f.readline(), for line in f

Discussion in 'Python' started by 7stud, May 23, 2007.

  1. 7stud

    7stud Guest

    Hi,

    1) Does this make any sense:

    """
    Thus, the loop:

    for line in f:

    iterates on each line of the file. Due to buffering issues,
    interrupting such a loop prematurely(e.g. with break), or calling
    f.next() instead of f.readline(), leaves the files position set to an
    arbitrary value.
    """

    The docs say:

    """
    next( )
    A file object is its own iterator, for example iter(f) returns f
    (unless f is closed). When a file is used as an iterator, typically in
    a for loop (for example, for line in f: print line), the next() method
    is called repeatedly. This method returns the next input line, or
    raises StopIteration when EOF is hit. In order to make a for loop the
    most efficient way of looping over the lines of a file (a very common
    operation), the next() method uses a hidden read-ahead buffer. As a
    consequence of using a read-ahead buffer, combining next() with other
    file methods (like readline()) does not work right. However, using
    seek() to reposition the file to an absolute position will flush the
    read-ahead buffer. New in version 2.3.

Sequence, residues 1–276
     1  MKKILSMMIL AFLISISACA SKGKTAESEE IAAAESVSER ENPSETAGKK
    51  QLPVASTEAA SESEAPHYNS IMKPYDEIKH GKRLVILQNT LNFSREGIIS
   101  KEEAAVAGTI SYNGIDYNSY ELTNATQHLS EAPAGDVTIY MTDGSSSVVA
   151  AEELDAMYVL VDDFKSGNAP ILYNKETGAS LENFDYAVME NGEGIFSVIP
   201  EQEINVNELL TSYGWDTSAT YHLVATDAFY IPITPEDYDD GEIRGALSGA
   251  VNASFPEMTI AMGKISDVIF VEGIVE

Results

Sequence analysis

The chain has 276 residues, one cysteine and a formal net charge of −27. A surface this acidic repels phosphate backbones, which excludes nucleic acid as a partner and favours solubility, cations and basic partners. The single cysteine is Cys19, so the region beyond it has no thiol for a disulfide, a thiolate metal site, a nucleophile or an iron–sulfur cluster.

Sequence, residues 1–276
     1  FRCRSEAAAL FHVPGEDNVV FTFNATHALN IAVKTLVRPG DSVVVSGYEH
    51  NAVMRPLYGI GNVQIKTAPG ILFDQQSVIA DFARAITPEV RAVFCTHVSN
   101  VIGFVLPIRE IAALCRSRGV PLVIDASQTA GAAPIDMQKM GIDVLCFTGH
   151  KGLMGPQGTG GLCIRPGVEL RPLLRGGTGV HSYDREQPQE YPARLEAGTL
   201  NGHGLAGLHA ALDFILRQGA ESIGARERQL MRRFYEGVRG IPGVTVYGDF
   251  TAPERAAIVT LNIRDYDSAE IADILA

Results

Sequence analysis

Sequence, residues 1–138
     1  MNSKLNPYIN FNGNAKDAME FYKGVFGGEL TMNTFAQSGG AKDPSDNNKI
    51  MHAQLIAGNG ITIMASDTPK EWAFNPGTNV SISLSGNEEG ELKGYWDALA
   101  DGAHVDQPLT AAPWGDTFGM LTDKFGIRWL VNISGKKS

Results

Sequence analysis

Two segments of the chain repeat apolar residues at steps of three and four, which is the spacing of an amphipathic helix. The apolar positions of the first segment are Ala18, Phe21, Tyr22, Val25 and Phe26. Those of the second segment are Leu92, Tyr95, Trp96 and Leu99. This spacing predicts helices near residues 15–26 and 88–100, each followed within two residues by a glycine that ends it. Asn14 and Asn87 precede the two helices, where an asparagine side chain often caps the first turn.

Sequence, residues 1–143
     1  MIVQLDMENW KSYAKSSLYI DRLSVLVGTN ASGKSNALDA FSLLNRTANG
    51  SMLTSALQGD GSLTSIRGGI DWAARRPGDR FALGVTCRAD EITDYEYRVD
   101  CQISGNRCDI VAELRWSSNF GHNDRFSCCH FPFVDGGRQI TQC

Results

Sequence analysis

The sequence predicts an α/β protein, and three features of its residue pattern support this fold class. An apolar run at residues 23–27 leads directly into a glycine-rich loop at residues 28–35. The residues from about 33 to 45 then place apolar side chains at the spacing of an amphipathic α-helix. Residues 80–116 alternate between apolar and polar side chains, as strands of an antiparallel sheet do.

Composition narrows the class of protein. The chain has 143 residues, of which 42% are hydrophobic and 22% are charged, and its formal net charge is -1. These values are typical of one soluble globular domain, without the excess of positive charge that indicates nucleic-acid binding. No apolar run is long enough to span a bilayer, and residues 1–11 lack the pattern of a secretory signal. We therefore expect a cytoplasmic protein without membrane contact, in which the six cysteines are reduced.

""

    I experimented with this test code:

    f = open("aaa.txt", "w")
    for i in range(1000):
    f.write("line " + str(i) + "\n")
    f.close()

    f = open("aaa.txt", "r")
    for line in f:
    print f.next()
    print f.readline()
    break

    print f.next()
    print f.readline()
    f.close()

    and the output was:

    line 1

    922

    line 2

    line 923

    So, it looks like f.readline() is what messes things up--not f.next().
    "for line in f" appears to be reading a chunk of the file into a
    buffer, and then readline() gets the next line after the chunk.


    2) Does f.readline() provide any buffering? It doesn't look like it
    when I run this code and examine the output:

    f = open("aaa.txt", "w")
    for i in range(3000):
    f.write("line " + str(i) + "\n")
    f.close()

    f = open("aaa.txt", "r")
    for line in f:
    print f.next()
    print f.readline()

    f.close()

    The first few lines of the the output are:

    line 1

    922

    line 3

    line 923

    line 5

    line 924

    (I assume the skipping from 1 to 3 to 5 is caused by the automatic
    call to f.next() when the for loop begins in addition to the explicit
    call to f.next() inside the loop.)

    I interpret the output to mean that the chunk of the file put in the
    buffer by "for line in f", ends in the middle of line 922, and "print
    f.readline()" is printing the first line past the buffer. Scrolling
    down to where "print f.next()" reaches line 922, I see this:

    line 919

    line 1381

    line 921

    line 1382

    line 1384 <-----**

    line 2407 <-----**

    which means that when the buffer that was created by "for line in f"
    is empty, the next chunk starting directly after the current position
    of the readline() file position is put in the buffer. That indicates
    that readline() provides no buffering. Then, the next call to
    readline() jumps to a position after the chunk that was used to
    replenish the buffer.
    7stud, May 23, 2007
    #1
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